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Sunrise in Delray Beach

Sunrise in Delray Beach

You can go home again. And that’s what I’m doing this week. Sixteen years after moving to Florida, I’m moving back to Massachusetts.

It isn’t precisely the same home I left all those years ago—I’m returning by myself and to a different town—but it’s home nonetheless. I was born there (Springfield), went to college there (Boston—Go, Huskies!), got my first real job there (Newton), got married there (Weston), and gave birth to my beautiful daughter there (Newton).

I look forward to going home and the new adventures that await me and Dick (that nice fella I’ve been going with for the past few years), but I’m going to miss a lot of Florida-only things.

Despite all its craziness—flesh-eating zombies high on bath crystals, machete-wielding psychos, and escaped wild animals (lions, monkeys, cobras are just a few things that come to mind) and its ridiculous politics (don’t get me started)—Florida has a plethora of amazing things.

Combine those with the amazing people I’ve come to know, and I have had some of the best experiences. I may have come to Florida dragging my feet and complaining the entire first year, but I am glad I stuck around to enjoy all of those wonderful things.

So, with tears in my eyes (and often running down my cheeks), I thought I’d share some of my favorite things (and memories) about my living in South Florida: Read the rest of this entry »

When I worked at TechTarget, often at Thanksgiving I would do a top 10 list of things my readers could be thankful for. The first was for the IBM AS/400-iSeries-System i crowd. Fiercely loyal people, iSeries users love their midrange server and hate anything that competes with it, including Microsoft. That first year, the number one thing they could be thankful for — there’s no Bill Gates.

With Thanksgiving just around the corner, I thought I’d do my own top 10 list of things to be thankful for. What am I, a 42-year-old, recently re-employed woman with a pre-teen daughter and a failed marriage, thankful for? Let’s take a look:

10. That I look younger than my age — Thank you, Dad, for the fact that I have no gray hair and few wrinkles, save for those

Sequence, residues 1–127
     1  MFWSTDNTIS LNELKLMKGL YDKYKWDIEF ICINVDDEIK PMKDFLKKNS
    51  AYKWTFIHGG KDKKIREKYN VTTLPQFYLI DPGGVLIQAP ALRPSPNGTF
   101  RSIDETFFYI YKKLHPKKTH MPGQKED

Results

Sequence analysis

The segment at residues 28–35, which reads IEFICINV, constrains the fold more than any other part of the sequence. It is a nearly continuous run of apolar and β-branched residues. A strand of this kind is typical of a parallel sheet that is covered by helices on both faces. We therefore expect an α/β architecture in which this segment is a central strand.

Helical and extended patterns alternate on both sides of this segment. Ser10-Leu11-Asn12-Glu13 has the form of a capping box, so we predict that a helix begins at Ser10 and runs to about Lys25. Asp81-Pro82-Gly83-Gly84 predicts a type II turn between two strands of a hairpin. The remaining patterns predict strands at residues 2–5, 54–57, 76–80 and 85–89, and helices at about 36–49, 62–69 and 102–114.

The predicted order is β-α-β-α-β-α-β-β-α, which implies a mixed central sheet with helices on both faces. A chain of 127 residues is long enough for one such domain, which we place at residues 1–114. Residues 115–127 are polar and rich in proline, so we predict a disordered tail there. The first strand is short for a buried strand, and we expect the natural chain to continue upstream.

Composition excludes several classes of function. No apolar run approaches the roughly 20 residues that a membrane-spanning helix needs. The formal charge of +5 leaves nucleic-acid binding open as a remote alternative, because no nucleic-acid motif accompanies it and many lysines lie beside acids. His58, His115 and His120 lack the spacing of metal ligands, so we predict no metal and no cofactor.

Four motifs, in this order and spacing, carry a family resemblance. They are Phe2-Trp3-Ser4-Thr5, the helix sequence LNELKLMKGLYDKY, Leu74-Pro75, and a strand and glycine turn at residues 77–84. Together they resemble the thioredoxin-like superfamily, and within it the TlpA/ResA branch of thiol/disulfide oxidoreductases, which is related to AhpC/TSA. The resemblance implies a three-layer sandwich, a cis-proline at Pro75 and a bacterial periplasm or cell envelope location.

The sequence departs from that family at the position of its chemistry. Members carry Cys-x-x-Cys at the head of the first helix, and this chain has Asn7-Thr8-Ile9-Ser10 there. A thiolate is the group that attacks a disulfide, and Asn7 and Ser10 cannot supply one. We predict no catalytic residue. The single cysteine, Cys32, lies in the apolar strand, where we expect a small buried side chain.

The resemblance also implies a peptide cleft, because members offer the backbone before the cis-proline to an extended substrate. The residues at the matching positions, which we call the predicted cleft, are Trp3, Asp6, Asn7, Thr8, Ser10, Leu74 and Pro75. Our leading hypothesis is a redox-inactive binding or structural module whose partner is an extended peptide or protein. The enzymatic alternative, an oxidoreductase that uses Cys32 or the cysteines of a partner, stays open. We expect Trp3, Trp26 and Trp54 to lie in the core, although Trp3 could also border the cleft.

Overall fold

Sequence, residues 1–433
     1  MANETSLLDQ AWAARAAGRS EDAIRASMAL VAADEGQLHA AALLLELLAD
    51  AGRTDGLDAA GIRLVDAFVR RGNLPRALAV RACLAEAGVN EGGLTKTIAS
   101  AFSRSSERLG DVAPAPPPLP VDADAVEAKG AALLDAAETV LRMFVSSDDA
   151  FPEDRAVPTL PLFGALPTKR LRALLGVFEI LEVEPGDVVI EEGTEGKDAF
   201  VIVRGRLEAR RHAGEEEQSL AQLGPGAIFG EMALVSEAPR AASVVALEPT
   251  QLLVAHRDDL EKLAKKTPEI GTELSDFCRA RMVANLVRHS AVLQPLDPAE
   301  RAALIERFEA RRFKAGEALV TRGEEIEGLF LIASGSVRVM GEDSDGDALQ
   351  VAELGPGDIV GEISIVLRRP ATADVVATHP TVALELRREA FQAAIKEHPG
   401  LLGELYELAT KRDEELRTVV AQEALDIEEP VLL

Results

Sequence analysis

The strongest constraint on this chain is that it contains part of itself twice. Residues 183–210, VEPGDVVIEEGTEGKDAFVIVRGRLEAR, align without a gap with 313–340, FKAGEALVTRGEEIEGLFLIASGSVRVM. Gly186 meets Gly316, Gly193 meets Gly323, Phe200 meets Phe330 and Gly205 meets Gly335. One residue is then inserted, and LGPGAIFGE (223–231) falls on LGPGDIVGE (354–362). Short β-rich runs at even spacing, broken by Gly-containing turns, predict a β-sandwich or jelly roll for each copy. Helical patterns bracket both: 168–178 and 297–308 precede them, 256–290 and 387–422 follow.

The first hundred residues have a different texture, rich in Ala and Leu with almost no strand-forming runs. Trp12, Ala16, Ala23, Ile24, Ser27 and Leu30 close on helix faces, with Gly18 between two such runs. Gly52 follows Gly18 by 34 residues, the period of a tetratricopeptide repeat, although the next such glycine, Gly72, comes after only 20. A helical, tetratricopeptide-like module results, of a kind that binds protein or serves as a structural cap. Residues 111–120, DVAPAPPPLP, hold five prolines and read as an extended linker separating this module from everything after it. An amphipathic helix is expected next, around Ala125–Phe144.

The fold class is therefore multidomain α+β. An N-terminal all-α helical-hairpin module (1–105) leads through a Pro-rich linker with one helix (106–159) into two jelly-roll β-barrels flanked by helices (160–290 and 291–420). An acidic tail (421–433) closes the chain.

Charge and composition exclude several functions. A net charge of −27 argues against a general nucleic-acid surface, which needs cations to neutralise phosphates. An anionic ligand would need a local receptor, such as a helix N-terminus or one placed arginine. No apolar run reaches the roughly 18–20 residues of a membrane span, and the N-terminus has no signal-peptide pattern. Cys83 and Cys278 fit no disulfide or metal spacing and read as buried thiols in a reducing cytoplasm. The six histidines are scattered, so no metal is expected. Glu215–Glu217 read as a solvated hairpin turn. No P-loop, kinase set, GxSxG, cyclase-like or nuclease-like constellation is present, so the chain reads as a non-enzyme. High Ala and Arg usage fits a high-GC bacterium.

Thanksgiving Chapel in Dallas

laugh lines that are starting to rear their ugly heads, and thank you, Mom, for my thinness. But as you can see from numbers 9 and 8, I believe my natural features need a little help.

9. My colorist & hair stylist — Thank you, Tawna, for the magical work you do coloring my hair, transforming my natural drab brown into golden blonde, and thank you, Harris, for knowing just how to cut my hair. Until I went away this past summer I had no idea how great you are. I went to two different colorists and stylists in Boston, and none did what you so ably do to make me look fabulous.

8. My trainer — I work out on my own, but without Josh to push me to the limit and figuratively kick my butt each week, I would not be in as good shape.

7. JetBlue — It might seem odd to have this company in my list, but with this airline I can easily and usually cheaply get back north to see my family, friends and co-workers. Plus, who wouldn’t love the free snacks, TV, roomy seats, crew, and customer service? And they fly direct from West Palm Beach, Fla., to Boston. Read the rest of this entry »

From the time we enter our elementary school years until we enter our senior citizen years, we are always trying to fit in. Where do we belong? With what group of people do we share interests? Where should I live? And if you’re a pre-teen or teen, how do I get into the “popular” group?

My 12-year-old daughter is dealing with that last struggle right now. She attends a wonderful high-tech middle school in Boca Raton, Fla., a wealthy community. Most of the students who attend that school, however, have parents who give them anything they want. Every day my daughter deals with the fact that she doesn’t own an iPhone or some type of smart phone and she doesn’t wear Abercrombie clothes. She also doesn’t look like the “popular” girls. She doesn’t have straight-straight hair, she has acne, and she has started getting a little figure. All of that, she says, makes her different — puts her outside of the “popular” girls group. Oh, the tragedy of being different!

Boston -- Where I fit in (c) FreeFoto.com

Boston -- Where I fit in (Photo supplied by FreeFoto.com)

I know exactly how she feels. I tell her that things will get better — that middle school is, and has always been, difficult for girls. I tell her to not try to be friends with everyone but find close friends and stick with them. They’re the ones who matter most, not the bitchy Boca snobs who look down at you because you have curly hair. I tell her to do activities that she loves and that she’ll make friends with kids in the same clubs and groups.

What I don’t tell her is that the struggle to fit in will continue.

I can think of just a couple times in my life where it wasn’t so hard. Ironically, one of them was during middle school. Somehow, I was in the “popular” group. I don’t know how it happened because we were not wealthy, I wore mostly second-hand clothes, I was not considered pretty, my family situation was different than “normal” (my mother was divorced and had recently announced that she was gay), and I was the new kid. We had moved to a small city in Vermont from Springfield, Mass. By middle school girl standards, I should have been an outcast. But they accepted me.

The real struggle to fit in started in eighth grade when my mother moved us to a tiny nearby town — Roxbury, Vt. I had to leave my “girls” behind and start all over again — new house, new school, new people to try to befriend. On top of that, now I was living in the country! That’s no place for a city mouse like me. Read the rest of this entry »